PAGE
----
Dean Witter, Discover & Co. has chosen Verisign Inc. to supply digital authentication technology for credit card payments over the Internet.

Novus Services Inc., the Dean Witter subsidiary responsible for the Discover-Novus family of cards and payment services, said it expects to be issuing its customers digital certificates by yearend.

The decision could accelerate the availability of Internet payments secured by the MasterCard-Visa standard known as SET, for Secure Electronic Transactions.

Digital certificates, a sophisticated means of validating the identities of on-line merchants, cardholders, and banks, are a critical element in SET, which was endorsed by both Discover and American Express after the bank card groups published their specifications, with assistance from several major technology vendors, early last year.

Some proponents of Internet commerce have expressed impatience with the SET process, which involves months of extensive testing before market availability. Pessimists say SET will not be up to speed before 1998, but Novus has a more ambitious timetable.

Novus executive vice president William Simmons said growth this year in Internet payments would require the security afforded by the encryption- based authentication technique. "We are committed to working quickly to implement a solid Internet commerce solution for our customer base in 1997," he said.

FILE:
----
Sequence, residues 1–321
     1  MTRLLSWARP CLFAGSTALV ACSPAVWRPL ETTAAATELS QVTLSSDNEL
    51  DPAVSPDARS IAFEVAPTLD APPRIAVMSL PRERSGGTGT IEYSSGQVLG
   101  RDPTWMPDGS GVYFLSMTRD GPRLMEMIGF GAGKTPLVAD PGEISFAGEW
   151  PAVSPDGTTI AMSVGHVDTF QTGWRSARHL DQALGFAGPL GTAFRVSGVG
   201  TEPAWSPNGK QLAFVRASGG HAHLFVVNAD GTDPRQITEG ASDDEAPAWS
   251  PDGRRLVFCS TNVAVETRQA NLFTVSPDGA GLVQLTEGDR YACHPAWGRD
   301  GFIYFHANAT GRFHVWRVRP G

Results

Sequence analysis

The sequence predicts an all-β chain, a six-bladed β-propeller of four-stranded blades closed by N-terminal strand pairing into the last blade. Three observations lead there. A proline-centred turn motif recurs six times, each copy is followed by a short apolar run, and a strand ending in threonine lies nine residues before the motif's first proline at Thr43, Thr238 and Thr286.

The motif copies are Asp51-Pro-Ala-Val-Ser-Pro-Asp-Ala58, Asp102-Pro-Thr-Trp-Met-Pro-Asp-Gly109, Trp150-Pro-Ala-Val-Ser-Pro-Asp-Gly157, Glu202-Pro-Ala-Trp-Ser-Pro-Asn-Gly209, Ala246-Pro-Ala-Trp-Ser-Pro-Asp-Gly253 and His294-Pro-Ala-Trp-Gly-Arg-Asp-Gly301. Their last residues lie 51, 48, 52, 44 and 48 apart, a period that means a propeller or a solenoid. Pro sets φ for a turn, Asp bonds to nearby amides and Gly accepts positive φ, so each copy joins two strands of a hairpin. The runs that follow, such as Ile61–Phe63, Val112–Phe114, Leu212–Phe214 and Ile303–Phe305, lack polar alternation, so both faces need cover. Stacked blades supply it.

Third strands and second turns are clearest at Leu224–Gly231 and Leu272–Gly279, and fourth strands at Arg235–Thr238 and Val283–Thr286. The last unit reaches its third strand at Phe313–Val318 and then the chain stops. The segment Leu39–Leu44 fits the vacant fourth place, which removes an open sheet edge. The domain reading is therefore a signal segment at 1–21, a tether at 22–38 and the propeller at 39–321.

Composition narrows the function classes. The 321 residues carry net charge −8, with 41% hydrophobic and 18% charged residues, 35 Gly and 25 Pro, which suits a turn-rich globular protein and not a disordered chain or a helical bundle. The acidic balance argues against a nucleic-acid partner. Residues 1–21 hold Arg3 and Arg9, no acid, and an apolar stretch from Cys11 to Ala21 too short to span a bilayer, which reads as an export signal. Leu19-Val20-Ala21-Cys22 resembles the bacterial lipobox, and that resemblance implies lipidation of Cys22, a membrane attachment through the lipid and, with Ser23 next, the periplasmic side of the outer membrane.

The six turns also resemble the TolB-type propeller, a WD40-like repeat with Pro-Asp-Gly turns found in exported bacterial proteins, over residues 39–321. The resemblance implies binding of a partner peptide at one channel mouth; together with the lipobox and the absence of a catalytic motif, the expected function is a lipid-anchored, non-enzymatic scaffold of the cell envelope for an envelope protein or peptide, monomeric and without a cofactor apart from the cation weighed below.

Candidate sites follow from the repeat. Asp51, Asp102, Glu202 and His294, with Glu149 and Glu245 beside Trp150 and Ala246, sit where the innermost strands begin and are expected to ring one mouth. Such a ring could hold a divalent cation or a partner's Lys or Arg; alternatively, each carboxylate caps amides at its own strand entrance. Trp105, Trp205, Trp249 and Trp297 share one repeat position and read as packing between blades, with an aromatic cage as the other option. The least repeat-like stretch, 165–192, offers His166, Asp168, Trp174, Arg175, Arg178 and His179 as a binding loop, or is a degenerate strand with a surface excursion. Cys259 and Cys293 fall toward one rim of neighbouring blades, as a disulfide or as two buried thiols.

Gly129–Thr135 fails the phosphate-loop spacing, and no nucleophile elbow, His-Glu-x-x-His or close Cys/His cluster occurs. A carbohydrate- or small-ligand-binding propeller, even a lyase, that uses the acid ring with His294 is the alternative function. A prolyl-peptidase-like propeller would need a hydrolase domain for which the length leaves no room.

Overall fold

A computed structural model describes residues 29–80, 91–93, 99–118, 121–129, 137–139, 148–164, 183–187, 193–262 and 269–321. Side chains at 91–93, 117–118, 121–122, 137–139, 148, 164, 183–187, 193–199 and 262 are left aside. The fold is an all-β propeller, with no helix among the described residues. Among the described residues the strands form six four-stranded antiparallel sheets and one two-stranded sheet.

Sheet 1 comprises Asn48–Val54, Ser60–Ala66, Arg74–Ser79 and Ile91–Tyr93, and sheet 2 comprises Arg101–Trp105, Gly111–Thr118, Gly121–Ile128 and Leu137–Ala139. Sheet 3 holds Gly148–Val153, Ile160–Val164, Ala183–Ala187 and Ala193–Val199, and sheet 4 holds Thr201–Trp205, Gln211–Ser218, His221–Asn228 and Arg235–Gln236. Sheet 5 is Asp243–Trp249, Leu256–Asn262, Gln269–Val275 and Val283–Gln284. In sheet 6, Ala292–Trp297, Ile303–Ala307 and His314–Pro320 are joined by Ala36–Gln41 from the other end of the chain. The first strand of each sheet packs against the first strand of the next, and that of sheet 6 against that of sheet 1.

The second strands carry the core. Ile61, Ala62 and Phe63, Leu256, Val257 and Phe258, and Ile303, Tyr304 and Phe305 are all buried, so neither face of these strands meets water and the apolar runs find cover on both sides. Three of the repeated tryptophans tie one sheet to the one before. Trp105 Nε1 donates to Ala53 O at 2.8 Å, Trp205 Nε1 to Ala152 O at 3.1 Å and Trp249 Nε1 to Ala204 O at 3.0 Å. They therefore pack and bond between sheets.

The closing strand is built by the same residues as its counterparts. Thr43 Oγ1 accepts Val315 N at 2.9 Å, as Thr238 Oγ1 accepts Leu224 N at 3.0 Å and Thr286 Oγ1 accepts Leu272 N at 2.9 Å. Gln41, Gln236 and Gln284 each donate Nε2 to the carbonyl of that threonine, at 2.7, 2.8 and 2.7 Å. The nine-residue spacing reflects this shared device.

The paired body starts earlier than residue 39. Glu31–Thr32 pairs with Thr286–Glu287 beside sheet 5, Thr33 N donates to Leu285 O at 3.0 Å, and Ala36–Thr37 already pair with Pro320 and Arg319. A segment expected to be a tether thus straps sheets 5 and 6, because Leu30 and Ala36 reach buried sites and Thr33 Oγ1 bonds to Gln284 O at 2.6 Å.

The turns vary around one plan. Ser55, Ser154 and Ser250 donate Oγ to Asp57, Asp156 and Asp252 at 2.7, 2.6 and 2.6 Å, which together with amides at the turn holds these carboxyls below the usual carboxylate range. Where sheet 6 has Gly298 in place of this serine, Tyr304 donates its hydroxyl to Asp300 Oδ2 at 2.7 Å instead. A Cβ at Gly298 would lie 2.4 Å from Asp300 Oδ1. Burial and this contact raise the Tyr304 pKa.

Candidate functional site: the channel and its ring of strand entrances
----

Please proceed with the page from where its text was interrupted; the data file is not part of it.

In contrast to the bank card associations, Novus directly serves two million merchant customers. They, along with the 40 million Discover, Private Issue, and Bravo cardholders, will be offered Verisign Digital IDs.

The Novus-Verisign announcement Monday at an annual conference sponsored by RSA Data Security Inc., as well as other recent progress reported by Verisign rival GTE Corp., indicates a gathering momentum and sense of urgency.

With Novus' choice of Verisign, all of the four major card brands have aligned with a digital certification partner. Visa also went with Verisign, while MasterCard and American Express chose GTE's Cybertrust program.

The vendors offer to operate and stand behind the certification program, which will appear to the cardholder or merchant as a service of a bank or credit card organization. To that end, Verisign is putting significant emphasis behind its private-label program, officially announced Monday, to which Novus, Visa, and other major corporations are subscribing.

Verisign and GTE argue-and few have contradicted them-that digital certification is better left to those most knowledgeable about its considerable complexities.

Timing and economics are also compelling. Bob Pratt, product line manager in private-label services, said Verisign could make a customer operational in at most three months for an initial $100,000, plus, at volume pricing, $2 to $4 per Digital ID. The two classes of Verisign IDs currently list at $6 and $12 individually.

Verisign claims an early lead in the authentication race, having issued 500,000 IDs since last August, many through the Netscape and Microsoft Internet browsers. "No one else operates a public certification infrastructure that has issued anywhere near that number," Mr. Pratt said. "And our system is scalable-it is not close to being overloaded."

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